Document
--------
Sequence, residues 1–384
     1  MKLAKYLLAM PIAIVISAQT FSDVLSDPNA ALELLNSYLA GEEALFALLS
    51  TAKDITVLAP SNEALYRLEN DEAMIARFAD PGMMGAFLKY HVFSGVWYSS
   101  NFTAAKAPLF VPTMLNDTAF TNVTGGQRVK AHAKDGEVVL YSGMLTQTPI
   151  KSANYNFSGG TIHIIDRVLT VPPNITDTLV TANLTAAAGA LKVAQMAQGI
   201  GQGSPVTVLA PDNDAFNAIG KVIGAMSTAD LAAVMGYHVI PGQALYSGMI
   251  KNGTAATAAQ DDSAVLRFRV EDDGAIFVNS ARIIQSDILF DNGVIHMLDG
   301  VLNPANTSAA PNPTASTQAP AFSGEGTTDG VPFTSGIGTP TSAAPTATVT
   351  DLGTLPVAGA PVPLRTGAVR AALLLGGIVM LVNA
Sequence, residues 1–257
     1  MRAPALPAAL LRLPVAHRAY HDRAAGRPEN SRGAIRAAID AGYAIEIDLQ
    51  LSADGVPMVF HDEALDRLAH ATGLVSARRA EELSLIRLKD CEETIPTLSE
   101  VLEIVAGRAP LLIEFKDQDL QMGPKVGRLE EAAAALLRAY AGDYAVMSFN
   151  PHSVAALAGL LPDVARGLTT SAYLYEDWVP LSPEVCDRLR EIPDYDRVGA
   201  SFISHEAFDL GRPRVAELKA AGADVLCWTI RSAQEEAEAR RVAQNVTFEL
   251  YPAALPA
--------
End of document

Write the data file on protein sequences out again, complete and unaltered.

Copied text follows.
Sequence, residues 1–384
     1  MKLAKYLLAM PIAIVISAQT FSDVLSDPNA ALELLNSYLA GEEALFALLS
    51  TAKDITVLAP SNEALYRLEN DEAMIARFAD PGMMGAFLKY HVFSGVWYSS
   101  NFTAAKAPLF VPTMLNDTAF TNVTGGQRVK AHAKDGEVVL YSGMLTQTPI
   151  KSANYNFSGG TIHIIDRVLT VPPNITDTLV TANLTAAAGA LKVAQMAQGI
   201  GQGSPVTVLA PDNDAFNAIG KVIGAMSTAD LAAVMGYHVI PGQALYSGMI
   251  KNGTAATAAQ DDSAVLRFRV EDDGAIFVNS ARIIQSDILF DNGVIHMLDG
   301  VLNPANTSAA PNPTASTQAP AFSGEGTTDG VPFTSGIGTP TSAAPTATVT
   351  DLGTLPVAGA PVPLRTGAVR AALLLGGIVM LVNA
Sequence, residues 1–257
     1  MRAPALPAAL LRLPVAHRAY HDRAAGRPEN SRGAIRAAID AGYAIEIDLQ
    51  LSADGVPMVF HDEALDRLAH ATGLVSARRA EELSLIRLKD CEETIPTLSE
   101  VLEIVAGRAP LLIEFKDQDL QMGPKVGRLE EAAAALLRAY AGDYAVMSFN
   151  PHSVAALAGL LPDVARGLTT SAYLYEDWVP LSPEVCDRLR EIPDYDRVGA
   201  SFISHEAFDL GRPRVAELKA AGADVLCWTI RSAQEEAEAR RVAQNVTFEL
   251  YPAALPA